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Moving towards continuous delivery

Last post 02:06 pm August 6, 2018 by Tim M
10 replies
08:00 am July 31, 2018

We are a team of 4 developers, 1QA, and me as a scrum master. We are working on iOS/Android mobile app and are using scrum and 2-week sprints. We use jenkins and are releasing around 5-7 alpha builds during the sprint for testing. We do releases to the markets around 1 time per ~3 months. We'd like to move to 1-motnth release to markets cycle with "agile train" approach of what we have managed to implement gets into the release. We are starting writing automated tests, and our smoke scope is around 20% ready. Manual regression testing takes around 2 full days. Sometimes we work on huge features that takes around 2 months to implement (MVP version), how to deal with them? What would be our steps towards this goal?

 

 


06:17 pm July 31, 2018

Sometimes we work on huge features that takes around 2 months to implement (MVP version), how to deal with them?

How do you intend to validate any assumptions over that 2 month period? Is the risk and complexity of the feature so low that a two-month leap of faith is acceptable to stakeholders?


08:21 pm July 31, 2018

Sounds like you are trying to mix to many techniques and buzz words in your agile practice. 

"agile train" approach” this is jargon that does not match your scenario

Jenkins and what else i: e” bit bucket\git? Why are you doing Manual regression? Automate all your testing if you really are trying to do CI\CD.

Bunch of red flags here for me. If I were going in as a consultant we’d change some things just from this one paragraph.


09:50 pm July 31, 2018

Sounds like you are trying to mix to many techniques and buzz words in your agile practice. 

 +1

Using complicated solutions to handle complex problems will exacerbate the complexity of the problems.

 

We'd like to move to 1-motnth release to markets cycle...

Sometimes we work on huge features that takes around 2 months to implement (MVP version)

So, do you want to change to a monthly release cycle of the product?
Have you ever thought, Fixed-date and fixed-scope which is more suitable for you? 


11:07 am August 1, 2018

How do you intend to validate any assumptions over that 2 month period? Is the risk and complexity of the feature so low that a two-month leap of faith is acceptable to stakeholders?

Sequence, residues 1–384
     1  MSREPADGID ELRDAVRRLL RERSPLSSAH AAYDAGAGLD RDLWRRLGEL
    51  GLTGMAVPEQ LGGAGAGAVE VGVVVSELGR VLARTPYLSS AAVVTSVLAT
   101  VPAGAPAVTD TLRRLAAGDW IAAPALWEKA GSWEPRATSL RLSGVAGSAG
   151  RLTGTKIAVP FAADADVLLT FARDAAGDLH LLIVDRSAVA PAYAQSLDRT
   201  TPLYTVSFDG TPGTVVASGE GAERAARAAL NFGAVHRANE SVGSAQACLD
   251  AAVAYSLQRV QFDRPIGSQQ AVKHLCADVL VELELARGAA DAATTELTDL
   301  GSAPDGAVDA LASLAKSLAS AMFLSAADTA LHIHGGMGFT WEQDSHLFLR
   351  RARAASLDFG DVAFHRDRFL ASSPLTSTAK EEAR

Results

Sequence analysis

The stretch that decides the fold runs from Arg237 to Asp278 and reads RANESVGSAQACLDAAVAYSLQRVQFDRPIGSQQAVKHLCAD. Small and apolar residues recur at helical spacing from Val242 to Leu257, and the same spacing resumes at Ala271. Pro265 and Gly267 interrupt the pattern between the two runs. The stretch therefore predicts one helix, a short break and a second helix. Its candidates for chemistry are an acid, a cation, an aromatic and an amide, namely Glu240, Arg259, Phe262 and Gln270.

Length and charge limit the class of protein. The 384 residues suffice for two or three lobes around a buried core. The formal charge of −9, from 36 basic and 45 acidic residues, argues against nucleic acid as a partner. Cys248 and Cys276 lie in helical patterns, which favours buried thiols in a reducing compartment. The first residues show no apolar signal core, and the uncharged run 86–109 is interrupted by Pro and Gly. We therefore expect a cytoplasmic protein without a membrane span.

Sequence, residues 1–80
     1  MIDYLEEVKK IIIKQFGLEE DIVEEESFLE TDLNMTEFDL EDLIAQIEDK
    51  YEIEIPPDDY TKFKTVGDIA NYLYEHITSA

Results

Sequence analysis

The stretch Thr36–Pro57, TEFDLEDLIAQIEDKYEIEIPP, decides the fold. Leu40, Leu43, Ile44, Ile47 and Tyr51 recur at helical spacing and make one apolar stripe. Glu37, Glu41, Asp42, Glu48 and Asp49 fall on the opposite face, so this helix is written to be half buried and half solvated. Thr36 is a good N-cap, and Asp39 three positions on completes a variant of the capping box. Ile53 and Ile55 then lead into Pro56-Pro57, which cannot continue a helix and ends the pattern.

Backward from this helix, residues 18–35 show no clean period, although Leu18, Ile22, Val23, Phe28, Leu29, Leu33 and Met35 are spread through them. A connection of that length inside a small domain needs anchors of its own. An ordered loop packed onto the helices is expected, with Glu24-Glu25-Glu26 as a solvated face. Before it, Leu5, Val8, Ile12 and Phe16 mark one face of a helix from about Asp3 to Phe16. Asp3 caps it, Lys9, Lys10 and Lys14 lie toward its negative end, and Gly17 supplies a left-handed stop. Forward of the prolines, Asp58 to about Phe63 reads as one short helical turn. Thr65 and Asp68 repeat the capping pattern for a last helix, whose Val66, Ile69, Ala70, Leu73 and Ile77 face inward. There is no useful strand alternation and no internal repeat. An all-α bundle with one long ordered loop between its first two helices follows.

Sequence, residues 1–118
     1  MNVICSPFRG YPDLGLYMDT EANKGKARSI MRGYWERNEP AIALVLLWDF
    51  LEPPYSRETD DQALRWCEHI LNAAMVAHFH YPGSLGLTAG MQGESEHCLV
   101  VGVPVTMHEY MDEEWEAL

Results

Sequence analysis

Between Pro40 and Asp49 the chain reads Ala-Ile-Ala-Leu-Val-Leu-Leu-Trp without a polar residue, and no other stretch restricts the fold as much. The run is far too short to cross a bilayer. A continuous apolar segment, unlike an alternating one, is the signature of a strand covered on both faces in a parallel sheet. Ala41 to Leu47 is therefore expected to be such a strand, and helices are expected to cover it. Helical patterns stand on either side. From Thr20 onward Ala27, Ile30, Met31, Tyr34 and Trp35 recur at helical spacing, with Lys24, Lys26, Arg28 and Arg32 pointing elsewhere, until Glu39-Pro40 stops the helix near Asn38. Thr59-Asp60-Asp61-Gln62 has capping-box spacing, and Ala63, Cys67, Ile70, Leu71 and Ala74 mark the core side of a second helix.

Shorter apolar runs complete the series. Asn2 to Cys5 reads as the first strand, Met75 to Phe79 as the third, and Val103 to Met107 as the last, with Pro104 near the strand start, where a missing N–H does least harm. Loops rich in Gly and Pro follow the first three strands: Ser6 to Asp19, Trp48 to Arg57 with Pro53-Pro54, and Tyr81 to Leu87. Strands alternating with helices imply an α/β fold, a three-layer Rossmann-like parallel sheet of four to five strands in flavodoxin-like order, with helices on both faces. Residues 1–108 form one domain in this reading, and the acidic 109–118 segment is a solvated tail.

Usually we validate ideas with dynamic prototypes before commencing the development on a feature (we share it with ~10 users and capture feedback). 2-months long features are rare guests. I used them as an example of what I trying to achieve - while team is working let's say on this big feature, they will also complete few small features, and fix some bugs. The idea is to have intermediate release, that will include these small fixes, and a part of this big feature that will not affect end users yet. Looks like developing this big feature in separate branch will not work, since it will be merged at the end of the development and likely cause many bugs. I heard that many teams use a special design that allows to "switch off" a not ready feature and include a part of it's code to the released build. More details on this would be appreciated.

"agile train" approach” this is jargon that does not match your scenario

By agile train here I meant basically a fixed schedule of the releases.

Jenkins and what else i: e” bit bucket\git? Why are you doing Manual regression? Automate all your testing if you really are trying to do CI\CD.

Yes, we are using git. Why Manual testing - since we just started doing automation and it is not covering the whole apps yet. More info on this will also be very useful. I.e. during the release cycle we do many manual smoke tests, + regression test before the release. Are both usually automated? I believe the optimal scheme would be to use a mixture of automated and manual testing. Also I read that many apps like facebook do numerous releases per day, and just curious how long their automated smoke test last. Tests that we already wrote took around 2 hours to pass, that I believe is already too much time for smoke.